Sunday, October 25, 2009

It's Complicated - my father and me

No post has been harder for me to write.  I begin with a few sentences, then highlight and discard what I've written. 

October 26th is the anniversary of my father's suicide. Once that date passes each year I am free to continue my life without the albatross that the month of October is for me. 

I tried and tried to write something to commemorate my father: his memory, the feelings I have about losing him, his role in the destruction of our family, the legacy of grief and anguish his actions created.  I tried to write about the complicated emotions I feel for him: a need to forgive, my search for father figures, the draw I have to my Italian heritage - but the words did not flow.  I suspect that is due to all the unresolved issues I still harbor for the man who should have been the most important male influence in my life.

I guess I still have a lot of work to do with regard to my father.  While I am adressing that, I will share a photo montage of his short life.

Joe (on the right) and his younger brother Dick, 1922


Courtship days with his future wife, Pat Oberlander



Handsome Dad

 


The Joseph Gioia Family with their three boys: Joseph Jr., baby James Richard, and Dominic Michael, 1954). I wasn't in "the picutre" yet as I wasn't born until 1957



The Family business in Batavia, New York




R.I.P. 










9 comments:

Elizabeth Mahlou said...

Oh, Lisa, how sad! He was so young! Sad for both you and him. I have a close friend whose mother committed suicide when my friend was 10 years old. The friend is now 70, but she has never recovered from that. If parents only knew the impact that such an action would have on their children, I wonder if they would re-consider. It sounds like you are working toward an understanding of your father and his situation, loving him while regretting his act. Blessings on your both!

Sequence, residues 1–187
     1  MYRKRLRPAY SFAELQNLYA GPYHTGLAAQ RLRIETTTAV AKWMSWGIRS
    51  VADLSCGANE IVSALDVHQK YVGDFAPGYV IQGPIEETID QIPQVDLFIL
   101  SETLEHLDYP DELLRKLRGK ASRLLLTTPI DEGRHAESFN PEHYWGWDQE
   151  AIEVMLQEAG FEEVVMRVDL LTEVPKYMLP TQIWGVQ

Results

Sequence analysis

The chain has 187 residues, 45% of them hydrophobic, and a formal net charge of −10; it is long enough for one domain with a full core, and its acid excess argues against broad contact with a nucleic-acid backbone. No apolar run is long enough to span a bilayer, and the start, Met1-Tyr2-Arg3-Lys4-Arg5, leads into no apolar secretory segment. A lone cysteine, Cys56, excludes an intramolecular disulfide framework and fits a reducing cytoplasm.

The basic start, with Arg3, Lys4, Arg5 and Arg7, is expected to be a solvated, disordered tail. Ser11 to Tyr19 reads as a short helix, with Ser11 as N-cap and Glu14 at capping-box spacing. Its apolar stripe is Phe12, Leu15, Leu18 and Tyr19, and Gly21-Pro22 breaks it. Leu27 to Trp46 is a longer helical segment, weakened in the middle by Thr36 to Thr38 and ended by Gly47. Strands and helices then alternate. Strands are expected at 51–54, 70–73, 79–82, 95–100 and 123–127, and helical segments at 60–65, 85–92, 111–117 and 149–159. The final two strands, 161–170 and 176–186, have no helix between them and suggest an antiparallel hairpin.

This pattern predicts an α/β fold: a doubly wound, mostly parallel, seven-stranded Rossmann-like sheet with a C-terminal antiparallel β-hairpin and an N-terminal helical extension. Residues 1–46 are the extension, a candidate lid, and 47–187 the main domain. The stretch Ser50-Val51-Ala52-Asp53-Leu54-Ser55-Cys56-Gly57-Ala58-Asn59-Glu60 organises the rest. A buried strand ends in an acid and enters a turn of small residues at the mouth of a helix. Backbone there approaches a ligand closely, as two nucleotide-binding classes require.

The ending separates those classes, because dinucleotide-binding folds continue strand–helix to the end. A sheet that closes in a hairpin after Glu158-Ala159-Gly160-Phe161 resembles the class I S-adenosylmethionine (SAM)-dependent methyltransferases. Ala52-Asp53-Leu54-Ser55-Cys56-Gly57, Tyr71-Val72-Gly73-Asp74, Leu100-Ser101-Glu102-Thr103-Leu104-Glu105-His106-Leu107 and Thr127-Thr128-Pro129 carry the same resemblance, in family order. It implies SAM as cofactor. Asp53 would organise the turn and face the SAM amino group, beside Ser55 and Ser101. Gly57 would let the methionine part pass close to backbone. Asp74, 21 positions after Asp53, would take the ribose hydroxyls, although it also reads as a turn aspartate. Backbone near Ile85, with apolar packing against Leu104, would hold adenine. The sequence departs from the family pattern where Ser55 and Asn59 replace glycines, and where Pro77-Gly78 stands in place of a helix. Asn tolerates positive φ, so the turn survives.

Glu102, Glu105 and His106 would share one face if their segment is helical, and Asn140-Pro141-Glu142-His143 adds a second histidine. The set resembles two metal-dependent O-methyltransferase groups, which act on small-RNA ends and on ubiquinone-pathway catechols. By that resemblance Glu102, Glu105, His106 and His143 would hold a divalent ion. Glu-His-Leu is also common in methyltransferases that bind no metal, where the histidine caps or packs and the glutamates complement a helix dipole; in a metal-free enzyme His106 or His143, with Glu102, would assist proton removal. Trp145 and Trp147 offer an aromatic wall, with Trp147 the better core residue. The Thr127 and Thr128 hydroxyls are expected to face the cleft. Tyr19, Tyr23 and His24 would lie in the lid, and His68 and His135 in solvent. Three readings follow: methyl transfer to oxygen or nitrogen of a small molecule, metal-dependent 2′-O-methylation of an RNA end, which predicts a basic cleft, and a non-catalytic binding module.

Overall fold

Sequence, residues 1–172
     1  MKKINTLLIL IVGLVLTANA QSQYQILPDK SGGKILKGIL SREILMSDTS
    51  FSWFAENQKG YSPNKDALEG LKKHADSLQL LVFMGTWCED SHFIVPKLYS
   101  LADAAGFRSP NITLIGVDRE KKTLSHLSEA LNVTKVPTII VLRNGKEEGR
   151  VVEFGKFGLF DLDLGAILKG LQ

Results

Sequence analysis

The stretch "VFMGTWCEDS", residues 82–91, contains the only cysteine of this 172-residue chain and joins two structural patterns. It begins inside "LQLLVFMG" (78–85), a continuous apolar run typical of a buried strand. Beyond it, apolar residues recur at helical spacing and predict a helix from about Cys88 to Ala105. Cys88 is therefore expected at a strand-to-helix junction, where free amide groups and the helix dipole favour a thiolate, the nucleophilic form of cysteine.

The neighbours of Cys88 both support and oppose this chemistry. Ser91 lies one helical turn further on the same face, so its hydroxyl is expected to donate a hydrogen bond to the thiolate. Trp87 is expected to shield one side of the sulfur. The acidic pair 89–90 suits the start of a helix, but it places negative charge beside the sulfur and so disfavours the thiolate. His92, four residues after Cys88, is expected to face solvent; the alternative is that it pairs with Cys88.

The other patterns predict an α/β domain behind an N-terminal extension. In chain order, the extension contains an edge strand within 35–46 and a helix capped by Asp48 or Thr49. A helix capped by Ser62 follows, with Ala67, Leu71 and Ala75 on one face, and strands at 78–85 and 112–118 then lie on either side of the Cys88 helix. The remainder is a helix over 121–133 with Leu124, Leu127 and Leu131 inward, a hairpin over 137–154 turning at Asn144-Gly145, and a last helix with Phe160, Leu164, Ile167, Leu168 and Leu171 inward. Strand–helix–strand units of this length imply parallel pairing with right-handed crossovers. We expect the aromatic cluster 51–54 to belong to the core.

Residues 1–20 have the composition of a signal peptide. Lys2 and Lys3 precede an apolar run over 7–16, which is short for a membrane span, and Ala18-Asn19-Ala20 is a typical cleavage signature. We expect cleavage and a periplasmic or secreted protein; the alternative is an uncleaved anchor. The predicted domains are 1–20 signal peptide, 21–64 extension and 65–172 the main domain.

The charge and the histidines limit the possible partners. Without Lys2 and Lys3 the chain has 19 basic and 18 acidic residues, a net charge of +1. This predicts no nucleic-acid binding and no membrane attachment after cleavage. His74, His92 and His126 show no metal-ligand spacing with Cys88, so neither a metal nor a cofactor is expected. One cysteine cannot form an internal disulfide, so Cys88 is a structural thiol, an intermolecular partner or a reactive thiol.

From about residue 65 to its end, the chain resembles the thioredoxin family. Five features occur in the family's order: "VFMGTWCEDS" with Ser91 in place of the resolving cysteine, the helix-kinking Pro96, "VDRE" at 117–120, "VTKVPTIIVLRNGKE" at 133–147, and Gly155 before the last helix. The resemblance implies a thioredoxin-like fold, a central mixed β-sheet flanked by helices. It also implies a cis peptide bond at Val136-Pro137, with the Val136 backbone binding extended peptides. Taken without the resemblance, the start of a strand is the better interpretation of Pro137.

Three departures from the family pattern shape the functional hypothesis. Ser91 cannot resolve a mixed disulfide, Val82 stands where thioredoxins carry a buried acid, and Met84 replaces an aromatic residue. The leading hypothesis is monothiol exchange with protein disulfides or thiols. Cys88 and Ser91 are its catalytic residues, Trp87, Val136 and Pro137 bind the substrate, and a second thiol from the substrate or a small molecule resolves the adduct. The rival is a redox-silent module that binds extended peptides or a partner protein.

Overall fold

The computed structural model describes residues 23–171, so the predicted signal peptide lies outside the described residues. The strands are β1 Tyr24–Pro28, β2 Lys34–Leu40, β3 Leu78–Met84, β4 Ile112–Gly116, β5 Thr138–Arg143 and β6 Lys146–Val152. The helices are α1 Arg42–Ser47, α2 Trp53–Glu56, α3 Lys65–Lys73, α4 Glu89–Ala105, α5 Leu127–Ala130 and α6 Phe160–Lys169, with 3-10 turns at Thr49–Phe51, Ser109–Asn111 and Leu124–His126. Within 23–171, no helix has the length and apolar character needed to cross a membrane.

Judith Mercado said...

I salute your courage, Lisa, in writing about something so painful. May you find peaceful relief in the sharing.

The Daily Connoisseur said...

I am so sorry to hear this. It sounds, however, like you have grown into an amazing woman and it is no doubt that everything that has happened in your life (good or bad) has gotten you to the moment you are now. Writing about painful things can also be therapeutic. I wish you nothing but peace...

Joanna Jenkins said...

Lisa, My heart is with you.
xo

MaLou Silverman said...

So sorry to hear this. He was so young but no matter what his reasons are, his life made such a mark on everyone who loved him, and could teach a lesson or two.

Ribbon said...

You have done a wonderful job of this...
this is not an easy story to tell.

Big love to you
Ribbon

Ribbon said...

I'm sorry for myself that I haven't been to visit here more often as what I have read of your blog this evening I realise that I've been missing out on some delightful stories.

Next time I'll try not to leave it so long between visits.

best wishes
Ribbon

Ribbon said...

me again...
upon further reading I have become aware of your heartache and I am very sorry for your loss.

you sound as though you are doing your very best to manage your grief... it's certainly a lifetime journey.

take care x

Red Shoes said...

Good morning...
What a touching story... Our parents are never aware of how their actions impact us who are left behind for such a long time... sometimes, the rest of our lives... I just recently resolved an issue for my Dad who has been gone 13 years now... and the issue had to do with his Mom... a Grandmother I never knew...

We do the best we can, I think...
Peace to you...
~Shoes~